Enter a search term below to search the Austin Monitor.
Photo by Jorge Sanhueza-Lyon/KUT
Friday, February 5, 2021 by Audrey McGlinchy
Austin officially moves forensics lab out from under police department
In a move long advocated for by survivors of sexual assault, the Austin City Council voted Thursday to officially transfer its forensics bureau out from under the police department. It will now function as an independent entity.
“This move is a long time coming,” Council Member Greg Casar said before the unanimous vote. “It’s because of many survivors and advocates sharing their stories that we’re able to make the lab finally independent of the police department.”
Thursday’s vote is part of a larger conversation about how Austin wants its police department to function. Last summer, Council members voted to immediately cut $20 million from the Austin Police Department’s budget and use the money on public health and housing.
At the same time, Council members voted to move several divisions out from under the police department, including the forensics bureau. The decision takes another $80 million from the police budget.
Thursday’s vote makes the lab’s move official, as Council OK’d the creation of a new and independent Forensic Science Department.
The decision will have no effect on current employees, according to the city manager’s office.
Austin’s DNA lab, which has received enormous attention over the past few years, will not be immediately moved under the new department, however. Its future remains a bit unclear.
The Texas Department of Public Safety took control of the lab from the Austin Police Department in 2017 after state auditors raised concerns about how analysts were processing samples. In October, the city released an extensive and long-overdue report on what happened at the lab and how it might be run in the future. Outside consultants wrote that the city would benefit from having a DNA lab independent from the police department.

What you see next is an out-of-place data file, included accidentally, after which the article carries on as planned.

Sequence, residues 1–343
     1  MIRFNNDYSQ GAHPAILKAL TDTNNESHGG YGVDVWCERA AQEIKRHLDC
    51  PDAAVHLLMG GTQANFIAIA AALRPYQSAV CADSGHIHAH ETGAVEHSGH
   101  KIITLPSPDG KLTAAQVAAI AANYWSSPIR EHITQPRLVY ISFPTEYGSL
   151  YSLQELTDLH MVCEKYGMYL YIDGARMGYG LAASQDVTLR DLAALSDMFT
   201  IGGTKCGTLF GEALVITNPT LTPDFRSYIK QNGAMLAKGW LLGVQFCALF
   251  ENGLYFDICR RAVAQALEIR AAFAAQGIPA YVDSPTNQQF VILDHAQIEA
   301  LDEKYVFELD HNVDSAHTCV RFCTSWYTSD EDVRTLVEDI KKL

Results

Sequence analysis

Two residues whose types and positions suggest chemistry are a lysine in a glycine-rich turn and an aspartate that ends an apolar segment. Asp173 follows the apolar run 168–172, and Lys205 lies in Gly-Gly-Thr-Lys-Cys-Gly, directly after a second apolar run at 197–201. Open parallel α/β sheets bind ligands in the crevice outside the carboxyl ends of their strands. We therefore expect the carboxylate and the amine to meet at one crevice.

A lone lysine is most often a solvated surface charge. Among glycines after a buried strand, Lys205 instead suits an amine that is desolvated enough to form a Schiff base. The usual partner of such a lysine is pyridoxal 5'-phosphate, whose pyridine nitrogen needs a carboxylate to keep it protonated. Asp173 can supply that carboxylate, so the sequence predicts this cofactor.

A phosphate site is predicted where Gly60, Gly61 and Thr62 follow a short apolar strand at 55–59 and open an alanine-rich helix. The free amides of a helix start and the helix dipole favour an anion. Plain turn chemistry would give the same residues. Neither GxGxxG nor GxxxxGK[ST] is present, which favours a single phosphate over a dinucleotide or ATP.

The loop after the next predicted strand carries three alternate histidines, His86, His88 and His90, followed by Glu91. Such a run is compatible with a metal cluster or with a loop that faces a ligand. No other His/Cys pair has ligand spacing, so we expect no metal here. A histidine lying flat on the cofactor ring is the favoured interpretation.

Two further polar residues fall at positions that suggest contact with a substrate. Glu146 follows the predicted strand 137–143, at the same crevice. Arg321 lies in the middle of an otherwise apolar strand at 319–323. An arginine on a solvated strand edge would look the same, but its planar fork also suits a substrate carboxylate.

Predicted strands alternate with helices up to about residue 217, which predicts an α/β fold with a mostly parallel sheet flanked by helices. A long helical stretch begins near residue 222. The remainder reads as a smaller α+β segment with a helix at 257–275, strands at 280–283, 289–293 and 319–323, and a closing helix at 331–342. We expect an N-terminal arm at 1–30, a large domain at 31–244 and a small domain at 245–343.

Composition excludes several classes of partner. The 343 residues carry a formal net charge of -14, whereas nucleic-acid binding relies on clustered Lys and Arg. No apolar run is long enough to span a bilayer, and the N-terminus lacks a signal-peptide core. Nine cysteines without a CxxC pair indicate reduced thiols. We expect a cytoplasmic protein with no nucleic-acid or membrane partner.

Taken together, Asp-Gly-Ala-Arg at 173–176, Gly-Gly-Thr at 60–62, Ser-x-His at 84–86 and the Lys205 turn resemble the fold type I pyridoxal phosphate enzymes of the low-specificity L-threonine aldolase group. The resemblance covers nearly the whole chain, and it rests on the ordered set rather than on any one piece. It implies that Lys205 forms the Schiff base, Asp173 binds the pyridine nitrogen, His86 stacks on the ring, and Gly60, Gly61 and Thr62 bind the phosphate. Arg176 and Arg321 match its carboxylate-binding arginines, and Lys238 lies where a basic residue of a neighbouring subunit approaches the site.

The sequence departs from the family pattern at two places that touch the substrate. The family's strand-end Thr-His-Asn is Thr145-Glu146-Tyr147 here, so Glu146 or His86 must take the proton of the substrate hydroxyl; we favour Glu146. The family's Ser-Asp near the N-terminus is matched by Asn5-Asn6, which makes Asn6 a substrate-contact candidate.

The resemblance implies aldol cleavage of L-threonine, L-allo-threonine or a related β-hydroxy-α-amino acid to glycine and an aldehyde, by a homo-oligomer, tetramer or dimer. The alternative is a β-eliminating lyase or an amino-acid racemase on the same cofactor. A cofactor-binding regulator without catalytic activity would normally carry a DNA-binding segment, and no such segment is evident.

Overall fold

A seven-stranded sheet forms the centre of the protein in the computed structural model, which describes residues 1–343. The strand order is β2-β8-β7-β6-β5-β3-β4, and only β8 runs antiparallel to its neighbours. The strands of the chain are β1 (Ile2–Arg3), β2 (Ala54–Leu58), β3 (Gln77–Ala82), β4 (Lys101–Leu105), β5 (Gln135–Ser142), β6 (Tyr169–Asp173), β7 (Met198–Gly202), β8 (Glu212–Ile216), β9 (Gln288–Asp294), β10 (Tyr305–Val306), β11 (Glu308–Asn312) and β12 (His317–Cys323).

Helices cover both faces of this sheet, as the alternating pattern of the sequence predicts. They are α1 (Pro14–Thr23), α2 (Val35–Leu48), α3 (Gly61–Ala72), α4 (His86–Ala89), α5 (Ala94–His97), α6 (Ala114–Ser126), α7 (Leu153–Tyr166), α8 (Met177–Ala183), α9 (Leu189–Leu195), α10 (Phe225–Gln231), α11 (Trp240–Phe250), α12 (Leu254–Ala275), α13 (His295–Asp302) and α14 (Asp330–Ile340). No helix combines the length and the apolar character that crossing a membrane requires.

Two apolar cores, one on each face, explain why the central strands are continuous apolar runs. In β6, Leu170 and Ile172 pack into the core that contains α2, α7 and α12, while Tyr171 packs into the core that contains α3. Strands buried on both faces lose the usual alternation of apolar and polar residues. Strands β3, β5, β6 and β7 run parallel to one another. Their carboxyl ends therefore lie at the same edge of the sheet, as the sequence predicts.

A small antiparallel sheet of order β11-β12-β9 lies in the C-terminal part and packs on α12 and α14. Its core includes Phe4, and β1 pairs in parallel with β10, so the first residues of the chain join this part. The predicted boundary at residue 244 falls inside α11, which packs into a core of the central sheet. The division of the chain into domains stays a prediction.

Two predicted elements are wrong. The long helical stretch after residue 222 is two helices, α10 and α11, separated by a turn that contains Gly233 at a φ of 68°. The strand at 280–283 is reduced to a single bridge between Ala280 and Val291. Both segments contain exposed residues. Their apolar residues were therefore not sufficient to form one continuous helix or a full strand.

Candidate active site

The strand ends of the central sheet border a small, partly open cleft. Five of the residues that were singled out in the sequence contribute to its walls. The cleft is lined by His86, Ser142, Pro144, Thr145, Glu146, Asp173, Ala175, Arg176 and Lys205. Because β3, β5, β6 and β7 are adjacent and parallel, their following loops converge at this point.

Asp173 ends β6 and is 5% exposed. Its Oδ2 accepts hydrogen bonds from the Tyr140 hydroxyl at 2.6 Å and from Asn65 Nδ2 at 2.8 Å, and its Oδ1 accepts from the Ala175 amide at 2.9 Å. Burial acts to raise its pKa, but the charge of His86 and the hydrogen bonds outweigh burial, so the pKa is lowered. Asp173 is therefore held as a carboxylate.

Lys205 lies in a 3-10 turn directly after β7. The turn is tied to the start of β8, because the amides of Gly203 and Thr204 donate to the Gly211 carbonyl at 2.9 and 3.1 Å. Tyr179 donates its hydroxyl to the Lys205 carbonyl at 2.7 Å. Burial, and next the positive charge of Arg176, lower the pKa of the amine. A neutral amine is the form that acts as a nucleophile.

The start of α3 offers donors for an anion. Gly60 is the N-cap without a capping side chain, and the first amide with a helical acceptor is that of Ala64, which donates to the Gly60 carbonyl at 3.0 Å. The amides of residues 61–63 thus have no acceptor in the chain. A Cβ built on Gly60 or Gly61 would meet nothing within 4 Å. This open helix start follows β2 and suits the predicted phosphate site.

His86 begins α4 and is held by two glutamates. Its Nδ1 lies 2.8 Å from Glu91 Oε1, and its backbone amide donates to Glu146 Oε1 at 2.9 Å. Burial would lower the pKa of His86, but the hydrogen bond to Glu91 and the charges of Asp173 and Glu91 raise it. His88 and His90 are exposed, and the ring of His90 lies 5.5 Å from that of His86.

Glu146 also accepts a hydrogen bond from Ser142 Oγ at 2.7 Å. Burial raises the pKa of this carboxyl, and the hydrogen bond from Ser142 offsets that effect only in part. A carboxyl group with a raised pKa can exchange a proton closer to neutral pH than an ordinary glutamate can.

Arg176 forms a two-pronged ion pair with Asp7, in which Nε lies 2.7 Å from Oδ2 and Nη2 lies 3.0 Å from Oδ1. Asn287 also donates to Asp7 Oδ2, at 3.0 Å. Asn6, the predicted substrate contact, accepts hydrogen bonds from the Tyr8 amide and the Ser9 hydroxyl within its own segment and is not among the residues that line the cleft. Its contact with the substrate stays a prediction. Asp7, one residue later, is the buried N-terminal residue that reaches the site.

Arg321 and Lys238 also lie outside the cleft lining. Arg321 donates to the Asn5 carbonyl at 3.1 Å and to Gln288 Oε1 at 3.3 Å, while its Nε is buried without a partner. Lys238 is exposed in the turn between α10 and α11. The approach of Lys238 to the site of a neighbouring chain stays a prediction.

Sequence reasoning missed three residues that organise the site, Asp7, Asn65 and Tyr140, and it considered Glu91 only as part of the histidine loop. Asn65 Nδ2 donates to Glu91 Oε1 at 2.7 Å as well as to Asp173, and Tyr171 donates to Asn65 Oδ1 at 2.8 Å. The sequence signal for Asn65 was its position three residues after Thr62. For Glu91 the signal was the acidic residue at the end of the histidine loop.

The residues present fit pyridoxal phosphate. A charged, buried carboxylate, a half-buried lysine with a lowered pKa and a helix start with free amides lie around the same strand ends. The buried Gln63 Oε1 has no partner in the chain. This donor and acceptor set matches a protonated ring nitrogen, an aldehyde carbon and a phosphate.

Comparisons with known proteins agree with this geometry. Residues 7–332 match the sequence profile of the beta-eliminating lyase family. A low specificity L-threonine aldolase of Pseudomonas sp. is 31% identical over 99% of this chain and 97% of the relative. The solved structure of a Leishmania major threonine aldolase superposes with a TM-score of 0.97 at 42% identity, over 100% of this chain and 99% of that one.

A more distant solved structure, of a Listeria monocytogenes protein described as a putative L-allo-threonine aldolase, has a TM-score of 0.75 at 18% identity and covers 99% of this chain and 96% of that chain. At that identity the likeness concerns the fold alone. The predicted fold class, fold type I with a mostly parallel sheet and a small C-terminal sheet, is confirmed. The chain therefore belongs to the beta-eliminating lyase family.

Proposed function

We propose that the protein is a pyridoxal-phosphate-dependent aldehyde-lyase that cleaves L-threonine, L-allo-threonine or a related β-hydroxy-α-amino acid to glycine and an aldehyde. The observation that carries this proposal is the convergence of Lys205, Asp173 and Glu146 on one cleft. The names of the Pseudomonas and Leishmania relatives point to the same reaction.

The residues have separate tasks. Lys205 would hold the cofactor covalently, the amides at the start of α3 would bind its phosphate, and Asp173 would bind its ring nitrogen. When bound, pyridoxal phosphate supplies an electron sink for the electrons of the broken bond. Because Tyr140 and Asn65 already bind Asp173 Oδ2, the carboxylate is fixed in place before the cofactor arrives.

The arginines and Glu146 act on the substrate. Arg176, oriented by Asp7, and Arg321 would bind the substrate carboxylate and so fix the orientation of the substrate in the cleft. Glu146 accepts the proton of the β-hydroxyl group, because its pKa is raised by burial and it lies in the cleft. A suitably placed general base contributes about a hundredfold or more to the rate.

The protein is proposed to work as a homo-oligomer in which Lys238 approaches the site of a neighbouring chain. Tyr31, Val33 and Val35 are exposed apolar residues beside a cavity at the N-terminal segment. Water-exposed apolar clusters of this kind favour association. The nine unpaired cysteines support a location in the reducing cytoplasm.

“Any DNA laboratory established within the City of Austin should have a structure of independence, scientific excellence, transparency, and operational excellence and efficiency,” the consultants wrote.
Per city contract, the lab will be managed by DPS until early 2022, and possibly longer, a city spokesperson confirmed. But a spokesperson for Casar’s office said the DNA lab will “eventually” become part of the new forensics department or a separate, independent entity.
Supporters of survivors of sexual assault say that is massively important.
“To be honest, we’re super excited,” Amanda Lewis, co-founder of the Survivor Justice Network, told KUT. “When we take (the DNA lab) out of APD … it’s really in its own place, as it should be, led by scientists and not weighed priority-wise based on what else APD has going on.”
This story was produced as part of the Austin Monitor’s reporting partnership with KUT.
The Austin Monitor’s work is made possible by donations from the community. Though our reporting covers donors from time to time, we are careful to keep business and editorial efforts separate while maintaining transparency. A complete list of donors is available here, and our code of ethics is explained here.
Do you like this story?
There are so many important stories we don't get to write. As a nonprofit journalism source, every contributed dollar helps us provide you more coverage. Do your part by joining our subscribers in supporting our reporters' work.
Key Players & Topics In This Article
Austin City Council: The Austin City Council is the body with legislative purview over the City of Austin. It offers policy direction, while the office of the City Manager implements administrative actions based on those policies. Until 2012, the body contained seven members, including the city's Mayor, all elected at-large. In 2012, City of Austin residents voted to change that system and now 10 members of the Council are elected based on geographic districts. The Mayor continues to be elected at-large.
Austin Police Department: the law enforcement entity for the City of Austin.